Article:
I hope that Adobe considers tiered pricing for the cloud-based version of Photoshop so that it is affordable for amateurs. I would be fine if the amateur version disabled batch processing.

  12. After using Photoshop since 3.5, this is a mighty poor way for Adobe to inspire customer loyalty!! Adobe had better hope an alternative does not come out.

  13. I’m getting so, so tired of turning the other cheek for Adobe to slap. So tired of not being able to talk to someone who can do anything but read a script and say “no”. So tired of applications that do not do what the sales rep promised they would. So tired of being milked and bilked. I so wish there were alternatives but every time I find something I like, Adobe buys them.

    I evaluated their subscription pricing offer. A win for them. A lose for me. Now this. This is how they reward my 20+ years of loyalty?

  14. Hi,

    My experience is that I use Lightroom more and more and Photoshop less and less. Unfortunately, I mostly use only that more ‘advanced’ features of Photoshop so a tool like Elements is worthless to me. I’m probably not willing to pay over 200 $US a year for something I use very seldom, but voluntarily paying 270 $US each third year may be OK.

    The proposed policy by Adobe would probably send me off looking for cheaper alternatives. Would I be a professional with Photoshop as a cornerstone of my business it would be different.

    I see three great advantages of Photoshop compared with the competition

    – Good integration into Lightroom
    – Many good books based on Photoshop, easy to find good info
    – It is common ground, what most photographers use

    I’d really recommend Adobe to have an intermediate version of Photoshop, that common users can afford. That version should have all tools (sixteen bits, HDR, curves, full color management, just to give an idea) but leaving out color separation and some other stuff. Everything an advanced photo amateur needs. I would gladly subscribe to that, for 100 $US a year. Higher than that, it’s “Photoshop, it was nice to meet you” for me.

    Best regards

  15. Hello all,

    What sad news! I’ve been using Photoshop since version 5.5, been buying InDesign from version 1 (when it was by far not what was expected but still), used GoLive for a long time and later upgraded to Dreamweaver (I just love Spry!!). I’ve bought ‘official’ licenses because I believe that this is the way to keep companies alive and working to improve their software products. I’ve upgrading every second or third generation of these programs because as an amateur I just can’t afford more than that.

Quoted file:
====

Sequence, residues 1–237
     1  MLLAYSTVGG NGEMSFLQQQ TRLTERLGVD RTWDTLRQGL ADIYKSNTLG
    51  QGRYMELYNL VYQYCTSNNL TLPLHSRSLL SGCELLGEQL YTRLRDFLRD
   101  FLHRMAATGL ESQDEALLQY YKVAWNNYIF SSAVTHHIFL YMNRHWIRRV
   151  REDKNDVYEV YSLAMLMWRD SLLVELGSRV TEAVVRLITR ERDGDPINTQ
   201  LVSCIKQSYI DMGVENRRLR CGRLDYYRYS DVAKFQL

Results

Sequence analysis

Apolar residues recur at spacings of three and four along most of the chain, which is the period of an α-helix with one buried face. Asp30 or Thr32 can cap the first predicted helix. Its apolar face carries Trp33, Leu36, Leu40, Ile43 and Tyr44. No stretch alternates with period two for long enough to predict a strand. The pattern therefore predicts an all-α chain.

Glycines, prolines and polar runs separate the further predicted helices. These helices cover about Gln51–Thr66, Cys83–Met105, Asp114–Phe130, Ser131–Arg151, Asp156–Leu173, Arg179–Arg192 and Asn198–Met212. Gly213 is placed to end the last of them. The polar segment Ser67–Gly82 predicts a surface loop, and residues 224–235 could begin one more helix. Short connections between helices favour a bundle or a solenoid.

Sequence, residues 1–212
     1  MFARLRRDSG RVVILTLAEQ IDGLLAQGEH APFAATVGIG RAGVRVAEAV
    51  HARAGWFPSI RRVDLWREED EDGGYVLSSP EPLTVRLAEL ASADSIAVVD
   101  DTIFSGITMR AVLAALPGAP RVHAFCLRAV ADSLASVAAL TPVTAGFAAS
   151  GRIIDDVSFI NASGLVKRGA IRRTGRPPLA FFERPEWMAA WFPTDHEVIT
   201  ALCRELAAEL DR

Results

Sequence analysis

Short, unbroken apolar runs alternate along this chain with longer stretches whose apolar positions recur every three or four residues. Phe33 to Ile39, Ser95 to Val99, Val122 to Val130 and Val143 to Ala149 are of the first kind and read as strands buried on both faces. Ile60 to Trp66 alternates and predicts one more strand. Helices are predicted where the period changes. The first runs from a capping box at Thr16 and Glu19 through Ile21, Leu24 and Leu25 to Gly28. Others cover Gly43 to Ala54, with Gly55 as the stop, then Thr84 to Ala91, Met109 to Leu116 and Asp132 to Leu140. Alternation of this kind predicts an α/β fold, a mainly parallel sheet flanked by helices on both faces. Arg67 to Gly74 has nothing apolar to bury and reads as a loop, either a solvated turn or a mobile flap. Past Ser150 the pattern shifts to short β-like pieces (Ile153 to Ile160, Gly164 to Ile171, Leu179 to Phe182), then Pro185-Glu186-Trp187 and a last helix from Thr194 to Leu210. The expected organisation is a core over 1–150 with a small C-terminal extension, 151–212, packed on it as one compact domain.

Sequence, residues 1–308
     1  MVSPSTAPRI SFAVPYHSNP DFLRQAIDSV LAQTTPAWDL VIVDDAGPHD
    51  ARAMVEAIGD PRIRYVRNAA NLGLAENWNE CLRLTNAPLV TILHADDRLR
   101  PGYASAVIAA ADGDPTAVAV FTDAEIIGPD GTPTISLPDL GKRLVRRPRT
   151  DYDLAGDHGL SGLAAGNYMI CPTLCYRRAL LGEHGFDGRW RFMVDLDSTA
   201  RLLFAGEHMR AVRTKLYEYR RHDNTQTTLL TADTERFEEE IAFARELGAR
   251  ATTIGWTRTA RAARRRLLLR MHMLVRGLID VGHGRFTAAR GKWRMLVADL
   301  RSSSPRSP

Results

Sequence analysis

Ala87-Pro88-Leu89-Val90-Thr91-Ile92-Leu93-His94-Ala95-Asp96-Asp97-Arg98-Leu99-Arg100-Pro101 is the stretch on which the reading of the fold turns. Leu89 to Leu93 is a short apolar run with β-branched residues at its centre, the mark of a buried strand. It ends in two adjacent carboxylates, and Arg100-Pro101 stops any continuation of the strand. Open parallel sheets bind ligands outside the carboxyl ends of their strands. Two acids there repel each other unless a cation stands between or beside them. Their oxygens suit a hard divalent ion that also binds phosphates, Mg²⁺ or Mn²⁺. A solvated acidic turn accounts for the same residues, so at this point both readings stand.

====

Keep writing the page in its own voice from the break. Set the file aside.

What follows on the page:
This new upgrade policy will just prohibit me from buying upgrades to use newer copies of the programs. So thank you Adobe for your excellent work, but I’m afraid the success of the company has put its head (and leaders) ‘in the cloud’. Your focus is now stockholders and profits rather than users. That’s THE recipe for failure, just look at what happened to Goldman Sachs!!


  16. I, like so many of the previous posters have bought Adobe products for personal use, and have upgraded when I felt able to justify the expense. Largely just before the opportunity expired.

    I owned Photoshop CS2 and upgraded that recently to CS5 standard, I own Lightroom 3, and I foolishly bought Web Standard CS4 late on thinking I would have a while to save up for the upgrade to CS6 / 7 – I’ve been caught out on two counts there! All these are full retail editions – paying the professional premium to use them for personal projects, without the ability to offset the costs as a business expense.

    If Adobe insist on alienating the casual user with this change in policy, why can they not follow Microsoft’s lead and change the student Teacher license to allow for non-professional home use – as the Microsoft model allows.

    For me the irony is that as part of my day job, I have Web Premium CS5.5, and the license agreement within that software allows for me to legitimately install it on my machine at home. Should I choose to do so I would no longer need to purchase the software personally, and would actually have access to more software titles for no cost, and still be legal.

    Perhaps I shouldn’t draw their attention to this as they’ll likely close that license “loophole” shortly too.


  17. I have and use both CS4 and PaintShop Pro X4; since PSP will do 95% of what Photoshop will do and at a very small percentage of Photoshop’s cost, well looks like I’ll be a PaintShop Pro guy from now on.

    Vaya Con Dios

  18. Adobe – get your head out of the cloud! A cloud architecture makes sense for some applications such as big data analysis, transactional form based ones but not highly interactive ones or ones that require high bandwidth. The vast majority of users do not have the bandwidth required for a photo editing type application to work in a cloud environment. I use highly interactive, high data transfer applications at work across a gigabit network and that is barely enough bandwidth for some of them. I can’t imagine doing it from home with a 1-4Mbps network.